UPFRONT Pace Quickens on SEM?

Australia’s re-election of John Howard’s Liberal coalition has prompted government officials on this side of the Tasman to put renewed effort into the push for single economic market (SEM). But some wise heads and experienced trans-tasman traders are nervous about moves to hurry the process along at political level.
Finance Minister Michael Cullen is considered almost obsessive about SEM and wanting to stitch our economy closer to Australia’s.
Officials in Wellington believe window of opportunity exists to hasten SEM. They see Howard and his Treasurer Peter Costello as politicians who still place some store by the spirit of ANZAC. If, however, the process takes too long or New Zealand doesn’t show enough interest in bending to Australian demands they may, encouraged by bloody-minded bureaucrats in Canberra, turn off the talks and turn their backs on SEM.
The Ministry of Economic Development wants business leaders more involved in the process. But some business leaders are sceptical that New Zealand will gain many new economic advantages from further economic integration. In fact, they see the potential for leaving New Zealand economically worse off. There is some concern that officials will give away too much because politicians like Cullen, and possibly Brash if he takes National to power, believe SEM is essential to New Zealand’s economic survival.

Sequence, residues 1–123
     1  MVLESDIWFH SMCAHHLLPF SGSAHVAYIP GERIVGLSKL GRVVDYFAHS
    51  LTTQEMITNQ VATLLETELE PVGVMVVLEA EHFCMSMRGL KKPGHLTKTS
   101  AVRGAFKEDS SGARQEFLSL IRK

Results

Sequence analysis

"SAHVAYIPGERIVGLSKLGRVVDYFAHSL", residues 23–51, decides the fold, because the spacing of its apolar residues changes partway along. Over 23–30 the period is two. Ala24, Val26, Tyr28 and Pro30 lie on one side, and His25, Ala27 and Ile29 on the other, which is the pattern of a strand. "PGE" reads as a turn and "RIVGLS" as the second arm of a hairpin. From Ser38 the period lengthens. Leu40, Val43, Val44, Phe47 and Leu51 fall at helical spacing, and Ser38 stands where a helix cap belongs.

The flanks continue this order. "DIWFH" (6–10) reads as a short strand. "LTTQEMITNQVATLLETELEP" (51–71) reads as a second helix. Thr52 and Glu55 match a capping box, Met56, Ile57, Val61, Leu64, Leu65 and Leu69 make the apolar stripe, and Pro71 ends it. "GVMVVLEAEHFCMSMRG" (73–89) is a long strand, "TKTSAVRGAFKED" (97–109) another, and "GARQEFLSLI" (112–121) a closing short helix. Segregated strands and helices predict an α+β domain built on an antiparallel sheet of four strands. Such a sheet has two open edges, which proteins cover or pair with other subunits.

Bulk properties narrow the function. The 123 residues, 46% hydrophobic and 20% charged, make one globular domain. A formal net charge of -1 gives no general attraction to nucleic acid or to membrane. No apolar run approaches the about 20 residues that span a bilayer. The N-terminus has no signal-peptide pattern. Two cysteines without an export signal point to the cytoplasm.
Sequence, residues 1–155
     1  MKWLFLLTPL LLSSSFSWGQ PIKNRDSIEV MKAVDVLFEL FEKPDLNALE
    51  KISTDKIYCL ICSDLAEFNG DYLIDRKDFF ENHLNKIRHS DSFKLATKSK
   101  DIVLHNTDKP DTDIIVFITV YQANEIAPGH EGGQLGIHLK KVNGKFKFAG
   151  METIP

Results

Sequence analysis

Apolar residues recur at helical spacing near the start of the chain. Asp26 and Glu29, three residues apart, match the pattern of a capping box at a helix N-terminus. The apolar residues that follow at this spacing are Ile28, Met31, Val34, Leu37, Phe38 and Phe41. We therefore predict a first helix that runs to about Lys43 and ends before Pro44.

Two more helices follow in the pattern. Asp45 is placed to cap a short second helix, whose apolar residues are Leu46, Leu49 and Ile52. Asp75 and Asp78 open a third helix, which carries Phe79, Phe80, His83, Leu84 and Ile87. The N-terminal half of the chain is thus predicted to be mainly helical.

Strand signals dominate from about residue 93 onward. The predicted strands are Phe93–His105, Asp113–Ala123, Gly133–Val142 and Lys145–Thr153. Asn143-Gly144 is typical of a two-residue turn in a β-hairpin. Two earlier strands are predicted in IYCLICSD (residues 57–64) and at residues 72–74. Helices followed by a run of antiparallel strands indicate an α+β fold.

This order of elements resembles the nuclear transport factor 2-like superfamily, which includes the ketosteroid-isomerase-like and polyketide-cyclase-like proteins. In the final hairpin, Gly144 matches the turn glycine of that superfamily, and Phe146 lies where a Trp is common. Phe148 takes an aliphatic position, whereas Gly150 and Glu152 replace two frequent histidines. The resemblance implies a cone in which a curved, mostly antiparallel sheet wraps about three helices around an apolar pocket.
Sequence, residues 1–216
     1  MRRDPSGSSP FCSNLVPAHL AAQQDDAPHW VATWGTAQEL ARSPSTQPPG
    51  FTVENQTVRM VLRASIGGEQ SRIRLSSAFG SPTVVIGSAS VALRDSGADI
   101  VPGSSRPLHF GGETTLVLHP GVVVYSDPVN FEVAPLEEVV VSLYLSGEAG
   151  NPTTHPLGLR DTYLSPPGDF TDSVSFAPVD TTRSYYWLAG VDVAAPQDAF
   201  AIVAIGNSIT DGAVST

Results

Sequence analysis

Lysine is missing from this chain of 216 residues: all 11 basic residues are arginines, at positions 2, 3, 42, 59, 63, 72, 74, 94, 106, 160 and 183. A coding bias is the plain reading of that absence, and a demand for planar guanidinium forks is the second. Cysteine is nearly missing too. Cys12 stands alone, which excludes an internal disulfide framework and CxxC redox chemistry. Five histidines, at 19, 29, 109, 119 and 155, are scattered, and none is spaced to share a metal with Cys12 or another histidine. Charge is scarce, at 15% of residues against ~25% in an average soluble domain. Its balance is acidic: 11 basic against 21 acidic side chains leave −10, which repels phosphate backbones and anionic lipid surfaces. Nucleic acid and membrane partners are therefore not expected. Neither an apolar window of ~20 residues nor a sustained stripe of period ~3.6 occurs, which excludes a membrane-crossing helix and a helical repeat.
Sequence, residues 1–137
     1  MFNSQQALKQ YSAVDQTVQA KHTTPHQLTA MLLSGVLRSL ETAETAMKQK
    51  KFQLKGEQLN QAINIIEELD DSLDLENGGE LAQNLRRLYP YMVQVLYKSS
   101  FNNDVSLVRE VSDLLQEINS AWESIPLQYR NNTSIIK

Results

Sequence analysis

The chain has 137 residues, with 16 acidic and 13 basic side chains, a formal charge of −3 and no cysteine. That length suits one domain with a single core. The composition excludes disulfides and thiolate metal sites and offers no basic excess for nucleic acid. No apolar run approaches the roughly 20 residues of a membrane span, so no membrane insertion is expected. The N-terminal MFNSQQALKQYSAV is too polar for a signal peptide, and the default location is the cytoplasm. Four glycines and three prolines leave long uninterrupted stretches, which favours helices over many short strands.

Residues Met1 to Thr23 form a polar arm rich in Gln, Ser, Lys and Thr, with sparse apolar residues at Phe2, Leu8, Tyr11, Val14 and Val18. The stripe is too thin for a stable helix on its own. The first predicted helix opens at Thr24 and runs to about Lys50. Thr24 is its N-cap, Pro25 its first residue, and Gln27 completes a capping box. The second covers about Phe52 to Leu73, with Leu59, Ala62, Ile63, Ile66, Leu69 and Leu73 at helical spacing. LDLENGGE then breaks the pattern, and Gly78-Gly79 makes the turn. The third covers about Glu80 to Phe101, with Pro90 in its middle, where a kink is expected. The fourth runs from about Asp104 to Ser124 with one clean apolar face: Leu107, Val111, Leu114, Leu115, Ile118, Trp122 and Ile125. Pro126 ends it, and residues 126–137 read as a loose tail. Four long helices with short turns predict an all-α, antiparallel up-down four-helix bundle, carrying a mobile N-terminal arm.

Some business leaders argue that they are working satisfactorily with Australia now and that there is no pressing need to do more than take case-by-case approach to solving market access issues. It is easier to do business in New Zealand than it is in Australia. Why would New Zealand want to embrace Australia’s often complex and badly drafted regulatory environment to gain some marginal access advantages?
Kiwi businesses often find it difficult to do business in Australia at personal level. Australians are hard bargainers. Officials encounter this reality when they try to negotiate with their often intract-able counterparts in Canberra. Australia’s often uncompromising approach to doing business encourages many New Zealand exporters to find trade opportunities in other markets.
The New Zealand Government’s hand-ling of trans-tasman bank ownership regulations is being held up as an example of officials’ and politicians’ willingness to bow to Australian pressure.
The Australia New Zealand Leadership Forum earlier this year called for accelerated work on SEM. It called for progress on common border and talks about how to enhance skills in both countries. But the move to increase the tempo, broaden the scope of and deepen the SEM work programme won’t be quite so easy if government officials genuinely try to work more closely with business on the issues.
There is already high degree of integration between New Zealand and Australia. The issue is how much further and faster should New Zealand now go? If it is easier to do business in New Zealand why not capitalise on that? The drive to minimise restrictions and integrate rules, regulations and standards may have New Zealand effectively becoming state of Australia without the constitutional or economic subsidy advantages of being state.
There are increasing calls to identify exactly what advantages will accrue to New Zealand from SEM. Sceptics suggest there have been too many generalisations about the advantages and not enough input from managers at the competitive coalface.
Auckland, suggested at least one business leader, could look like Adelaide in five or 10 years’ time with not head office of any significant enterprise in sight.

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